The key findings from Chapter 3 are presented for each of the research questions explored:

What has been the rate of uptake of Better Access services overall?
What has been the rate of uptake of Better Access item groups?
What is the relative uptake of items with item groups?
What are the socio–demographic characteristics of Better Access consumers?
Have there been changes over time in the socio–demographic characteristics of consumers who have received Better Access services?
To what extent is Better Access providing services to 'new' consumers?

What has been the rate of uptake of Better Access services overall?

  • The age–standardised uptake rate of any MBS–subsidised Better Access item was 33.8 persons per 1,000 total population (3.4% of the total population or 710,840 persons) in 2007, rising to 44.5 persons per 1,000 in 2008 (4.4% of the total population or 951,454 persons), and further to 52.8 persons per 1,000 total population in 2009 (5.3% of the total population or 1,130,384 persons). That is, one in every 30 Australians received at least one Better Access service in 2007, one in every 23 did so in 2008, and one in every 19 did so in 2009.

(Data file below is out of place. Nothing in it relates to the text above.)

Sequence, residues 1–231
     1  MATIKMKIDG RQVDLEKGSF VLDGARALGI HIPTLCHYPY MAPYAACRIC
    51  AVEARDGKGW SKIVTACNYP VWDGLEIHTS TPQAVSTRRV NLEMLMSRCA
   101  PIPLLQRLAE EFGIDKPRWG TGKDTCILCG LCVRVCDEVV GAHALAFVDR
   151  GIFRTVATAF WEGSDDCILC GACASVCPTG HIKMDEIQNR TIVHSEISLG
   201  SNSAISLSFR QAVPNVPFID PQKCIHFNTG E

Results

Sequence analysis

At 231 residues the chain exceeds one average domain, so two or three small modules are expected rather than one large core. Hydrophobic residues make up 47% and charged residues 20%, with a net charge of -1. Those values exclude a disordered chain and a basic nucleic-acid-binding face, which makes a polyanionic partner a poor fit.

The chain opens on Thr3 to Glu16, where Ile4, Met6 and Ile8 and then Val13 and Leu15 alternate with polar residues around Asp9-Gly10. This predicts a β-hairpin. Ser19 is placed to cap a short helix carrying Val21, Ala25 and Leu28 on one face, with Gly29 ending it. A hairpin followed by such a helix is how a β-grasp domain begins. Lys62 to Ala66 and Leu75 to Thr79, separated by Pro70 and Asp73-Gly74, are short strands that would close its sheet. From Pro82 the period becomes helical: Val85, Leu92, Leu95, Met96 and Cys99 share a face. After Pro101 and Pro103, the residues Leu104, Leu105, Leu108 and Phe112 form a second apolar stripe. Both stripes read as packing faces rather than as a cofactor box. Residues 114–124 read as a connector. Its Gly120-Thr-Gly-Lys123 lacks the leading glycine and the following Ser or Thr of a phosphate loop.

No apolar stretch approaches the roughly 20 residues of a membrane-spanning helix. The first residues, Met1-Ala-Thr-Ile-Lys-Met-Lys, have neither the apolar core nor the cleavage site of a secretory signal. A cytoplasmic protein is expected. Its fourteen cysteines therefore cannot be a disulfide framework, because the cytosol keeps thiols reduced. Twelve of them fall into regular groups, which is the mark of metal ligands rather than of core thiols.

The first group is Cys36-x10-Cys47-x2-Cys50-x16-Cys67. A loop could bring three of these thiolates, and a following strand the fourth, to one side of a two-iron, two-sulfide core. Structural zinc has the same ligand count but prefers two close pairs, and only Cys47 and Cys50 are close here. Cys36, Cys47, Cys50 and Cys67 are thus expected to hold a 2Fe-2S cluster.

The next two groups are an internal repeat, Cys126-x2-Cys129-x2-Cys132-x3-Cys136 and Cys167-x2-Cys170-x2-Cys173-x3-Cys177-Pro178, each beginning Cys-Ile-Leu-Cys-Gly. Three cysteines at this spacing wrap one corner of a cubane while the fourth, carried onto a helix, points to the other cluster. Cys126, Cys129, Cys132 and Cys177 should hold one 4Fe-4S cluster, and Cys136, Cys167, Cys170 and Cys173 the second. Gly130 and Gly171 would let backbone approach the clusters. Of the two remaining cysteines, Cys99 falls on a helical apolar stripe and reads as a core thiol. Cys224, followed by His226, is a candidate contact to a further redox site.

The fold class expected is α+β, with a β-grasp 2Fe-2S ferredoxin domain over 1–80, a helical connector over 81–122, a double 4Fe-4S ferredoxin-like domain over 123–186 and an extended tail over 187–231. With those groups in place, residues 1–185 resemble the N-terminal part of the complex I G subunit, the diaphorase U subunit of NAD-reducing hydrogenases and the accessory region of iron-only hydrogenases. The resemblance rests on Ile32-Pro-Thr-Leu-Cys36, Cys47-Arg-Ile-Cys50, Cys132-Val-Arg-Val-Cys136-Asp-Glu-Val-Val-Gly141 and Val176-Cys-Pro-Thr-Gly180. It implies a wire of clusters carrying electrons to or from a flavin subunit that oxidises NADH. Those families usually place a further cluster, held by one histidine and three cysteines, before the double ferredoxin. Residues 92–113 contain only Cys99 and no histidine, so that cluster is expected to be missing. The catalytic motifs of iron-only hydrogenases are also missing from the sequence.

• Although the uptake of Better Access has continued to increase, the rate of growth has slowed. The increase in rates of overall Better Access uptake has slowed significantly from 13.3% per quarter in 2007 to 4.6% per quarter post–2007. In annual terms, Better Access uptake showed an annual increase of 31.7% between 2007 and 2008, and an annual increase of 18.7% between 2008 and 2009.

What has been the rate of uptake of Better Access item groups?